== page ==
A New Texas-Based Movie To Put On Your Radar
When you think about movies like No Country For Old Men and The Last Picture Show, you think of iconic screen impressions of Texas. I haven't seen it yet, but with the raves given by critics like CBS Sunday Morning's David Edelstein, we may have a new classic on our hands.
In his Sunday Morning segment this week, the critic left no doubt where he stood on this picture "Hell or High Water is the best movie I’ve seen all year," Edelstein led boldly. "All last year, too,"
What has got him all excited? The way the movie messes with his head. Good movies do that.
The movie has a starkness, a terrible clarity that eats into your mind. It’s a new classic Western.
Even better is the New York Times' inclusion of a scene from the film on its site with narration from its director, David McKenzie.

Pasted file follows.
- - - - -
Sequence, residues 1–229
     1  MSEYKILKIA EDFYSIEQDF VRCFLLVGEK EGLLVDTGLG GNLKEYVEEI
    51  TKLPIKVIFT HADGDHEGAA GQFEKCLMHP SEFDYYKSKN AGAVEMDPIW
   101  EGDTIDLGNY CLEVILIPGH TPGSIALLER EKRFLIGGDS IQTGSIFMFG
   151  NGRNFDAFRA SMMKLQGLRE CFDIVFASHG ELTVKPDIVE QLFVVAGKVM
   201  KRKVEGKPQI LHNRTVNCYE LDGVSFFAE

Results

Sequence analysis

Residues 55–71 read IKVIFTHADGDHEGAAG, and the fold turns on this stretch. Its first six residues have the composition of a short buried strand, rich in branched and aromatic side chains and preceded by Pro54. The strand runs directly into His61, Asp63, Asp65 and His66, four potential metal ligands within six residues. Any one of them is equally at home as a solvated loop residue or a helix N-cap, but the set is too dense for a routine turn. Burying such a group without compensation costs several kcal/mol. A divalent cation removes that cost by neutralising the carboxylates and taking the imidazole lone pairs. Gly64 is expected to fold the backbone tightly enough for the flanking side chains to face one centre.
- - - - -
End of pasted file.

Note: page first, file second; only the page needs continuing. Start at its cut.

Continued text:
If I keep posting videos, we might just get the whole movie up here. In all seriousness, this picture is a modern Western because it takes place in Texas and it involves bank robberies. Where the modern kicks in is the motivation behind the robberies. Chris Pine and Ben Foster play ranchers who are about to be foreclosed. The way they see things, a little turnabout is fair play. They also find that despite their amateurish execution - neither of them are professional criminals and it shows - they have hit upon a successful formula.
The Texas Ranger assigned to crack this case is none other than Jeff Bridges, heartthrob from The Last Picture Show. I guarantee you, if he didn't play this role then it would've been given to Sam Elliot. Gray and grizzled, that's the character. Dig the trailer.
Pine and Bridges even sat down to talk about coming from show business families. Jeff Bridges is of course the son of the late Lloyd Bridges and brother to Beau Bridges. Chris Pine's father is actor Robert Pine.
After a summer full of comic book nonsense, it's refreshing to see a Texas indie-flavored film coming along for adults that is still a wild ride. It's on my must-see list.